Church of the Holy Sepulchre Jerusalem Lithograph
by Louis Haghe from an original by David Roberts.
When New York Times’ columnist Thomas Friedman travels to the Middle East, he brings with him a deep devotion to the state of Israel, and a longing for what he thinks ought to be.
In a recent column he addresses that longing in these opening paragraphs:
At the Syrian Border, Golan Heights — Who knew that the future of warfare would present itself with such serene beauty — like one of those warm 19th-century David Roberts landscapes of the Middle East.
How so? I’m traveling along the Israeli border road at the intersection of Lebanon, Syria and Israel, and off in the distance there’s a freshly snow-capped Mount Hermon, begging for skiers. It’s framed by Lebanese and Syrian villages nestled into terraced hillsides, crowned by minarets and crosses. The only sound you hear is the occasional rifle burst from Lebanese hunters.
With his quiet opening of what ought to be, Friedman sets a mood designed to lure his readers into a quiet David Roberts painting. As frequent travelers know, Roberts was the Englishman who captures a tranquility from the 1800s, a tranquility which Friedman quickly dispatches:
But this is no Roberts painting. It’s actually the second-most-dangerous spot on the planet — after the Korean Peninsula — and it’s the idyllic backdrop to what 21st-century warfare looks like.
Because hidden in these villages, hillsides and pine forests you can find a state — Israel — trying to navigate a battlefield with a rival state’s army (Syria), a rival regional superpower (Iran), a global superpower (Russia), super-empowered mercenaries and maniacs (Hezbollah and ISIS) and local tribes and sects (Druse and Christians).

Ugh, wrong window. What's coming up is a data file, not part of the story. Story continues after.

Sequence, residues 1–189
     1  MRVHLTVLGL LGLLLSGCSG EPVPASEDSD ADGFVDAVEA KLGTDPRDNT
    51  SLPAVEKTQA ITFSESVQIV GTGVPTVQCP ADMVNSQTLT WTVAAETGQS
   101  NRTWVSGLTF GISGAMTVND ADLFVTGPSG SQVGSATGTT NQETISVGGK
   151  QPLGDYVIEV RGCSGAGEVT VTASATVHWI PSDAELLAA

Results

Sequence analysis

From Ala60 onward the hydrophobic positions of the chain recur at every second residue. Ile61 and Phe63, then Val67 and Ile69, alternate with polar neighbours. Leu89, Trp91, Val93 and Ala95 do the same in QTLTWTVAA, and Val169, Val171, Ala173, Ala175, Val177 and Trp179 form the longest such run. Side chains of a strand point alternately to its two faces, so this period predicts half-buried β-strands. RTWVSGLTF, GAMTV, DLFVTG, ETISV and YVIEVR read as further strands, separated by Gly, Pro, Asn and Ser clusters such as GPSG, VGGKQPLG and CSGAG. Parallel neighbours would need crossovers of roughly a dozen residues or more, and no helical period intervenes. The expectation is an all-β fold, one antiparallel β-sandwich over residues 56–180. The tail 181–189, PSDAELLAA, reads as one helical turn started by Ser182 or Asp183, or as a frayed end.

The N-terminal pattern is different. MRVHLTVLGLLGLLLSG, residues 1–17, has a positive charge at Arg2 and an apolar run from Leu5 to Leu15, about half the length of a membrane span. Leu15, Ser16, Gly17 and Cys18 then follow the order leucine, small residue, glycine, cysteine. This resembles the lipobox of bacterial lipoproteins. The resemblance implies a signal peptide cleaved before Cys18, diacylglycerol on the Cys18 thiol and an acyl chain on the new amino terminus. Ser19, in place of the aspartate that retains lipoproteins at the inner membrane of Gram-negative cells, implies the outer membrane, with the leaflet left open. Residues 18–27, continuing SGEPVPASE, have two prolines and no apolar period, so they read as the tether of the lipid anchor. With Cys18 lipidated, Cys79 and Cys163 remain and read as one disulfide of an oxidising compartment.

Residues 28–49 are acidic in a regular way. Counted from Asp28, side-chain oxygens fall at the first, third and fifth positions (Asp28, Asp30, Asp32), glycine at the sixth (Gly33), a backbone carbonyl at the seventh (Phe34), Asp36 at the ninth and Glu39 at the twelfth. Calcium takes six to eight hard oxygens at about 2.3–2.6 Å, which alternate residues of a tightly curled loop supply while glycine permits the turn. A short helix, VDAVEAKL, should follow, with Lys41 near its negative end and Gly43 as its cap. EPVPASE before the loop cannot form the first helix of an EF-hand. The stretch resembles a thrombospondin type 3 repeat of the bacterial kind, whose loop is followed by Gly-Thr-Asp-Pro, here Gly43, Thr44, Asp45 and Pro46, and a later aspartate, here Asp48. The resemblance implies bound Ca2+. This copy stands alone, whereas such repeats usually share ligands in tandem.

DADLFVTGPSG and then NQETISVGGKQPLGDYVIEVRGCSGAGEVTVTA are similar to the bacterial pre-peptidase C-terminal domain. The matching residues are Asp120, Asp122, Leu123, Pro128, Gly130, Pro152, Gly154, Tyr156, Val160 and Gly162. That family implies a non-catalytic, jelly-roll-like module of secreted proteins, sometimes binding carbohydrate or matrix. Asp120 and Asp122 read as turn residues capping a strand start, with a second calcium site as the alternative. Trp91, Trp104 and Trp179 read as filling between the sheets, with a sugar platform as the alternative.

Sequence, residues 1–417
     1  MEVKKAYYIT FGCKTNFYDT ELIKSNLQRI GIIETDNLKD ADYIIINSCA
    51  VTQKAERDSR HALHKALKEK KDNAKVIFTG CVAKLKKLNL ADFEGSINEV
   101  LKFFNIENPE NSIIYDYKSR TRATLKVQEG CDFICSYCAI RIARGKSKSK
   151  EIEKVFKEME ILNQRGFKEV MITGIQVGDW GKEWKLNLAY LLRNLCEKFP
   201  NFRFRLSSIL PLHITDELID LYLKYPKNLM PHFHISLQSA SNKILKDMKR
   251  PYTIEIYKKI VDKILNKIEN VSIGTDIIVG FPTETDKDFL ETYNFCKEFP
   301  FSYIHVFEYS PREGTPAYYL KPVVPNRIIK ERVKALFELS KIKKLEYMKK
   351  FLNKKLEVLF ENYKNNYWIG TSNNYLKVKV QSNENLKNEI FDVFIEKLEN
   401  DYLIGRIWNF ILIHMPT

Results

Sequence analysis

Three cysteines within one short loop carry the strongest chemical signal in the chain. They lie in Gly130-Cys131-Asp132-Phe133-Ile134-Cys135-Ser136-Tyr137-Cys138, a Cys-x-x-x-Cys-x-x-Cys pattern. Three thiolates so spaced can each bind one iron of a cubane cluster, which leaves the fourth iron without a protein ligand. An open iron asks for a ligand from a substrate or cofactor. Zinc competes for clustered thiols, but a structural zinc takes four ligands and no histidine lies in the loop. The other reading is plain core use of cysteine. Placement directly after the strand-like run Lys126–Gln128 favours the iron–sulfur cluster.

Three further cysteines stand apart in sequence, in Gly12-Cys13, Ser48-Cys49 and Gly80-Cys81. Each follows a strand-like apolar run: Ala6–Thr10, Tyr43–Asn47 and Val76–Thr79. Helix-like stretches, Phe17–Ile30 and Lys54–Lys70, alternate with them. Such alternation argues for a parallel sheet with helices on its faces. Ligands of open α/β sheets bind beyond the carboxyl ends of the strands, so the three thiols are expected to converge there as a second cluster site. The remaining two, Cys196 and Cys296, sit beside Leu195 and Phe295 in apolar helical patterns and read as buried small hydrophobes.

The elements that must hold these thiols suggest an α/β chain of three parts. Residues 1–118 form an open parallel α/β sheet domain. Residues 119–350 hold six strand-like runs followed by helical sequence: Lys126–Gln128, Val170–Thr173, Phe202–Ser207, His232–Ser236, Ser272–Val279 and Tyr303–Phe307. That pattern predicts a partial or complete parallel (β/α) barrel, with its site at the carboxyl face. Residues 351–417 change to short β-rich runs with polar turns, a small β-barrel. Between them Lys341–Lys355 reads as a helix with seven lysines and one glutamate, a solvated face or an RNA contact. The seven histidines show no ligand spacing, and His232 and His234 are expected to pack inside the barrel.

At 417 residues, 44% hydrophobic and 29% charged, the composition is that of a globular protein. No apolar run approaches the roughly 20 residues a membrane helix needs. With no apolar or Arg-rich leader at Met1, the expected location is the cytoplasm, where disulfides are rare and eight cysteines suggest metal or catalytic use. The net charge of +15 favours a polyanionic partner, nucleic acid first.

Hold up there, Brother Thomas, do you expect us to buy this one-sided Friedman word- portrait that describes the state of Israel as a peaceful neighbor forced to live in “a tough neighborhood”, a favorite Friedman phrase?
Parse that “hidden in these villages. . . ” paragraph. View it “realistically”, as Reinhold Niebuhr should have done when he was alive.
The “battlefield” Friedman describes is filled with a “rival states’ army (Syria), [and] a rival regional superpower (Iran)”, two “rivals” that were established as states within borders drawn by the British. They were there long before invading Zionist colonialists arrived in the neighborhood and moved in with their peaceful Jewish villagers.
Friedman sounds like Donald Trump when he identifies Hezbollah and ISIS as “super-empowered mercenaries and maniacs”. As for the Druse and Christians, they are tossed aside as “local tribes and sects”.
Come now, Thomas, “tribes and sects”?
I have labored under the impression that the Christian community has a pretty strong religious claim on land where Jesus was born, lived, died and was raised from the dead, to save the world.
Christians of the world provide Israel with tourist profits, and many of them deplore the treatment of Christians in Palestine by Israel’s occupation army.
Show a little respect, Thomas.
I would also advise you, Thomas, that by lumping Hezbollah and ISIS in the same list of undesirables, you are exposing your Zionist bias. Hezbollah has a legitimate role in Lebanese politics. ISIS is a dangerous force distorting Islam in a quest for political power.
Israel would have the world, with your help, see the Middle East as a potentially peaceful region, but only with the modern state of Israel as its unchallenged power center.
Your description of the players in your “tough neighborhood” omits one major player, Palestine, whose land Israel seized by force and on which it has grown into a world military power.
In your column, you tell us you rode “along the Israeli border road at the intersection of Lebanon, Syria and Israel, [where] off in the distance there’s a freshly snow-capped Mount Hermon”.